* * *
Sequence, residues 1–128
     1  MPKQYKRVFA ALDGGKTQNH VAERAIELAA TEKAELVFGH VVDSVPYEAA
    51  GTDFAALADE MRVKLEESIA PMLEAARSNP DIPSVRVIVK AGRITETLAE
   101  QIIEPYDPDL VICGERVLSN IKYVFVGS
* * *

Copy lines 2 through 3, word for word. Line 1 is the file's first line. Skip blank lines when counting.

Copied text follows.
     1  MPKQYKRVFA ALDGGKTQNH VAERAIELAA TEKAELVFGH VVDSVPYEAA
    51  GTDFAALADE MRVKLEESIA PMLEAARSNP DIPSVRVIVK AGRITETLAE